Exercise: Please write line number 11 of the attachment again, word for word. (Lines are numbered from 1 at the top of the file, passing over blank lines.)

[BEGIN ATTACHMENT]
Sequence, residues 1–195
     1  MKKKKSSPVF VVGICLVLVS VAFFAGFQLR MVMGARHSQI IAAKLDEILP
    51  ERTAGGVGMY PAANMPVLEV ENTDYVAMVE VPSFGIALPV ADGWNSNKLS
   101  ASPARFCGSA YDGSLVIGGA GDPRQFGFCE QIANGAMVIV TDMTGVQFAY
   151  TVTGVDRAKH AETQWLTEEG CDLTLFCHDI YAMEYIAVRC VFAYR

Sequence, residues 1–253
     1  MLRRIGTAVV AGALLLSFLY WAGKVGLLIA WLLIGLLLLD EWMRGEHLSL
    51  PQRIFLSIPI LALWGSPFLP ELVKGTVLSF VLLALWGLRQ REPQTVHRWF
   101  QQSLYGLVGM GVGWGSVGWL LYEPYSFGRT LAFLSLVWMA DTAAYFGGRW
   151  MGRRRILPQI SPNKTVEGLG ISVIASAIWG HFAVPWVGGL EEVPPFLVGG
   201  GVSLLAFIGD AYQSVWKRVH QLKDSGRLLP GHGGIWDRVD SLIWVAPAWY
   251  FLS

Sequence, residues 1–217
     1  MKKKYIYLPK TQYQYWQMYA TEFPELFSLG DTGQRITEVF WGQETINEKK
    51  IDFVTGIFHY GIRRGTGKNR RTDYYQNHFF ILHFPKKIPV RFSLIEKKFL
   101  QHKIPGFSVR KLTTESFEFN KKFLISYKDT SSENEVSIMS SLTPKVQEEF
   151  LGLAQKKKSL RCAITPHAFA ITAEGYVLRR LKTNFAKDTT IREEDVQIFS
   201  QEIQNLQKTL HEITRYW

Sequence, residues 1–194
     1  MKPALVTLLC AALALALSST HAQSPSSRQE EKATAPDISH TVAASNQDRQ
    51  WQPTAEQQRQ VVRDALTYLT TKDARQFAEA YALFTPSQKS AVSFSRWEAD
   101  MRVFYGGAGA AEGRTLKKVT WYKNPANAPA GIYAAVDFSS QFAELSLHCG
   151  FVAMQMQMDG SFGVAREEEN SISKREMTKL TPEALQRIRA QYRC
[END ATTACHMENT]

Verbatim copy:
   201  GVSLLAFIGD AYQSVWKRVH QLKDSGRLLP GHGGIWDRVD SLIWVAPAWY